Chapters 6 and 7 of the pseudo-Aristotelian treatise On the Cosmos (Περὶ κόσμου = De mundo) display 'a series of well-crafted and carefully organized analogies' in order to represent the power of god pervading the whole universe. The last analogy (400b14–28), which is by far the most important in this section, compares the rule of god over the world to the rule of the law in a Greek city (ὁ τῆς πόλεως νόμος). As shown by the author in the previous analogies, the perfect order of the universe is the result of the continuous creation and dissolution of single things: this process—based upon the harmony of opposites—is the keystone of the eternity and equilibrium of our world. Similarly, the law is the unmoved (ἀκίνητος) mover of every activity and experience in the city: both positive and negative situations involving single citizens contribute to the supreme order and stability of the city. Positive examples include the activity of rulers, officials and members of the assemblies (ἄρχοντες, θεσμοθέται, βουλευταί, ἐκκλησιασταί), whereas negative examples include those who go to trial defending themselves (ὁ δὲ πρὸς τοὺς δικαστὰς ἀπολογησόμενος) and those who are imprisoned and destined to capital punishment (ὁ δὲ εἰς τὸ δεσμωτήριον ἀποθανούμενος). In spite of their difference, all of these actions are due to one single order (κατὰ μίαν πρόσταξιν), that is, the civic law, which ensures the stability of the city. To stress and illustrate this concordia discors , which characterizes both the city and the universe, the author of the treatise closes the passage with a quotation from Sophocles' Oedipus Tyrannus (lines 4–5): πόλις δ' ὁμοῦ μὲν θυμιαμάτων γέμει, ὁμοῦ δὲ παιάνων τε καὶ στεναγμάτων The author reads these verses as a perfect example of a context characterized by opposite situations: in fact, the city is full of paeans (παιάνων), which are interpreted as 'songs of joy and relief', and, at the same time, it is also full of laments and mourns (στεναγμάτων). The same interpretation can be found in the Latin translation of the treatise, which gives even more emphasis to the opposition between life and death: uideasque illam ciuitatem pariter spirantem Panchaeis odoribus et graueolentibus caenis, resonantem hymnis et carminibus et canticis, eandem etiam lamentis et ploratibus heiulantem. [ABSTRACT FROM AUTHOR]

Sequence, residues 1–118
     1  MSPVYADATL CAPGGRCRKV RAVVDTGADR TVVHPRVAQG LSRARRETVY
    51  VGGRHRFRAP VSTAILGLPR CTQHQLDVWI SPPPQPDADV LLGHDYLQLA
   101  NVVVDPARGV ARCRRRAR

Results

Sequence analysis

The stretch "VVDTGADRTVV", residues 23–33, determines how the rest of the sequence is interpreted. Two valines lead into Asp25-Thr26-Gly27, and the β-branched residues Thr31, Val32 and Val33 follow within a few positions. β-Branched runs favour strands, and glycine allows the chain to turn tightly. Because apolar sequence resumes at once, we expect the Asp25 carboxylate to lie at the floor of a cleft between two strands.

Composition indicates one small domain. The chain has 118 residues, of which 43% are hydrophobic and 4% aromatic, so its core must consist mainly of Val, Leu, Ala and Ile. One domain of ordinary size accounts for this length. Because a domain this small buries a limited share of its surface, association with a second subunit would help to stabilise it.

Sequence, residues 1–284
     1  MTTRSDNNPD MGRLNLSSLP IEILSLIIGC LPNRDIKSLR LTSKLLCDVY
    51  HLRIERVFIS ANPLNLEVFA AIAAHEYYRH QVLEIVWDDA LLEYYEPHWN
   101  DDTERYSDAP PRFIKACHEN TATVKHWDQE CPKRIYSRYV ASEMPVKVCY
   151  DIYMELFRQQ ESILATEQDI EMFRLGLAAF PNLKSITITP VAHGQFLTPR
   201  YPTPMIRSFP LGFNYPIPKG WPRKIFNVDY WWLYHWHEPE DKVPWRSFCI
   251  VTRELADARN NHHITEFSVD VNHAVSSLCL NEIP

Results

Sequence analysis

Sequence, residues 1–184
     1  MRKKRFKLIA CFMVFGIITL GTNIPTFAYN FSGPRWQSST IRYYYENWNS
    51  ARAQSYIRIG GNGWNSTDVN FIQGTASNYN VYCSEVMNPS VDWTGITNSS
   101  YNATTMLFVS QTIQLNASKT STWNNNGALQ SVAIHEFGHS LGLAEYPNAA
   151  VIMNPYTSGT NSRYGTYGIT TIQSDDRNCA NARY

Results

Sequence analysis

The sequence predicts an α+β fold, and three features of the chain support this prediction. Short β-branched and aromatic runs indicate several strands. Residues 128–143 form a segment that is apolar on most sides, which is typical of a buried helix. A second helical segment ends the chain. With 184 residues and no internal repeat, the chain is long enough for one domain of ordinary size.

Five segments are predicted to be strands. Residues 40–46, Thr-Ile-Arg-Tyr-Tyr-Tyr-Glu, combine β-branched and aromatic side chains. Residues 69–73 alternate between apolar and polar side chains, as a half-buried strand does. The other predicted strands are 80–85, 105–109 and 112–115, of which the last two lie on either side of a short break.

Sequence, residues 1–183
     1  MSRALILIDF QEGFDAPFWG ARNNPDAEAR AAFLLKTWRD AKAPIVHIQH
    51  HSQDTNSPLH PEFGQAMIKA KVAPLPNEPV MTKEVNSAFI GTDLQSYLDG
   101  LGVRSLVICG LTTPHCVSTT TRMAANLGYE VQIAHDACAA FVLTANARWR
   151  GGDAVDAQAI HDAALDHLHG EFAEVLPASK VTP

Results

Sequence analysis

Ahrensdorf, Peter J., 1958- and Ahrensdorf, Peter J., 1958-
Political science -- Greece -- Philosophy., Rationalism -- Political aspects., Religion and politics., Political plays, Greek -- History and criticism., Politics and literature -- Greece., and Greek drama (Tragedy) -- History and criticism.